Is a hat a frivolous accessory or a necessity?
When looking into its history it quickly becomes apparent that it has been both. The wartime 40’s saw a huge variety of hats that were suitable for any face shape, hairstyle or personal preference. Throughout the war and on both sides of the Atlantic, elaborate creations brightened dreary utility fashions, brought about by rationing. In fact the only items not rationed were hat materials. Explosions of feathers, veiling and artificial flowers were popular. They were dubbed in France as ‘piece de resistance’ or ‘resistance piece’ against Nazi occupation. The ‘Doll’ hat, a very small hat that perched on the very front of the forehead, revived Victorian styles. There was also a brief resurgence of the bonnet, as well as turbans and halo hats. The latter sat on the back of the head and framed the face and the fashionable upswept pompadour hairstyles.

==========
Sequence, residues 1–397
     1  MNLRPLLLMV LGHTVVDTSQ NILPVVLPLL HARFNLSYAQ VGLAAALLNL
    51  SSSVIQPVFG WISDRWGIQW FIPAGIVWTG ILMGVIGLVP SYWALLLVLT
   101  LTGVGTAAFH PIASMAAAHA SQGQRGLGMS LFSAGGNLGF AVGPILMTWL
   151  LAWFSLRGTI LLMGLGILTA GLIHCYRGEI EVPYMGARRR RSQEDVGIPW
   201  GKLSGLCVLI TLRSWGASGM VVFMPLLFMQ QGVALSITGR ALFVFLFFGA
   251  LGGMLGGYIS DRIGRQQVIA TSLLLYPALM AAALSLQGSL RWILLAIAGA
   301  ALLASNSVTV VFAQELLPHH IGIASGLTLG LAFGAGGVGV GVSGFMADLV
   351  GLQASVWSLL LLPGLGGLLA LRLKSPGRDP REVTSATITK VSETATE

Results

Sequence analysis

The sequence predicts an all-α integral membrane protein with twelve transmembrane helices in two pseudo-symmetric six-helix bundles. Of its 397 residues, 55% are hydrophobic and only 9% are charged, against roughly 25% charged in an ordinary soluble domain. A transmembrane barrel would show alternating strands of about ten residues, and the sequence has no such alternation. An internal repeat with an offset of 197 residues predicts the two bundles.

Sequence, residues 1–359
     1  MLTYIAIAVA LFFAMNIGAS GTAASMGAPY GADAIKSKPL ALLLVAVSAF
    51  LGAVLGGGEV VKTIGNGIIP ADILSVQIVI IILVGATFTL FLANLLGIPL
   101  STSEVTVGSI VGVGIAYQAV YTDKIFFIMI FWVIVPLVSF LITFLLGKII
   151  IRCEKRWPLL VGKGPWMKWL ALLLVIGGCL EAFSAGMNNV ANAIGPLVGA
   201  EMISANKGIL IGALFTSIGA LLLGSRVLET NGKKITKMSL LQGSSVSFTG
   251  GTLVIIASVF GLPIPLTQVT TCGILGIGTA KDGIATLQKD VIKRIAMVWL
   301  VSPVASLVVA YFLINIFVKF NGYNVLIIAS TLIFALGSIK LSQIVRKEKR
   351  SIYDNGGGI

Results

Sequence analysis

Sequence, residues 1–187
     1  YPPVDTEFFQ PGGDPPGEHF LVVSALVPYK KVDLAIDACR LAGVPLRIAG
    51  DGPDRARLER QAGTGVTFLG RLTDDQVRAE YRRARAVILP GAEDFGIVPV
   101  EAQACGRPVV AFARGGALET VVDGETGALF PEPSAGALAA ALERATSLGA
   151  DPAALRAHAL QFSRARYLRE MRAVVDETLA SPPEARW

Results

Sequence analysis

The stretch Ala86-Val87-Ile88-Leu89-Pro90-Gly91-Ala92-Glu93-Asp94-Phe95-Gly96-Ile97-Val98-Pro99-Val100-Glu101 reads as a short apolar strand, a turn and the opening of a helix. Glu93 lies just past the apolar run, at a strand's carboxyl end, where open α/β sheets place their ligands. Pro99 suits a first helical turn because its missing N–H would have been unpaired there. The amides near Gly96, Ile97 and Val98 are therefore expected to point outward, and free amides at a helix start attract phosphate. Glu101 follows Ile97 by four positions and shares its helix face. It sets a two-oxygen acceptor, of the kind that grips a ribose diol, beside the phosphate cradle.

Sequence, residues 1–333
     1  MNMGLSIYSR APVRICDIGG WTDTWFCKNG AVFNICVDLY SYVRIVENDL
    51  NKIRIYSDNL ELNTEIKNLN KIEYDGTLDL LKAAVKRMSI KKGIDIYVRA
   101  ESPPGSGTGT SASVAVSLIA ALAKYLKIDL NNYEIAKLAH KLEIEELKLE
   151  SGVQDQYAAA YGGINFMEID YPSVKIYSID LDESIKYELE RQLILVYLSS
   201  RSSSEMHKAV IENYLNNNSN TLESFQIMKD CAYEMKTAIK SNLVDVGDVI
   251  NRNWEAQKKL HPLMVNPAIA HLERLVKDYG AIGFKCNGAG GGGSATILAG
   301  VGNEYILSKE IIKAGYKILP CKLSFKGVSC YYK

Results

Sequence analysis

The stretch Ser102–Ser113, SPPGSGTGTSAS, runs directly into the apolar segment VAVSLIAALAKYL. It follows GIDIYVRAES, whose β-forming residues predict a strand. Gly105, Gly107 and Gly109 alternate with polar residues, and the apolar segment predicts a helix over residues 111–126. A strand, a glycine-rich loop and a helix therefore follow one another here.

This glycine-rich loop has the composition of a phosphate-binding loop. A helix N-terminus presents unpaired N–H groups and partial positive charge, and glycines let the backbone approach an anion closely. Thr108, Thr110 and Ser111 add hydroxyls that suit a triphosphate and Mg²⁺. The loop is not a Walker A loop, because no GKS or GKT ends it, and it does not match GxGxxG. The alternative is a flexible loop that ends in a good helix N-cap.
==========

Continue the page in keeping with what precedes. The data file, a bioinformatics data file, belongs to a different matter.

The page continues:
Post war 1940’s and 1950’s saw many women choosing not to wear hats on a regular basis. To preserve its market, the millinery industry set about creating variety and extravagance. Generally speaking hats remained small and close to the head. They were now touted as the essential accessory to complete the ensemble. Alternatively, ‘pancake’ or ‘cart wheel’ hats sat flat atop the head reviving turn of the century styles. By the late 1950’s the turban returned to fashion. As hairstyles grew in size in the early 1960’s, hat styles had to adapt. In vogue were tiny poufs of veil or pillboxes that perched on the back of the head.As fashions of the mid 1960’s were geared for youth, which wore hats sparingly, headwear became an accessory of the past. Even the Catholic Church dropped its dress code, abandoning required head coverings for women in 1967. With the exception of cold weather wear, the fashion hat all but disappeared in the 1970’s. Credit goes to Princess Diana’s influence in the 1980’s that met with some success in bringing hats back into style. More recent attempts to bring back the hat have centered on health in response to holes in the ozone layer. This has given reasons to think about hats once again. In reality, its role as the necessary accessory is long gone. Until the next time!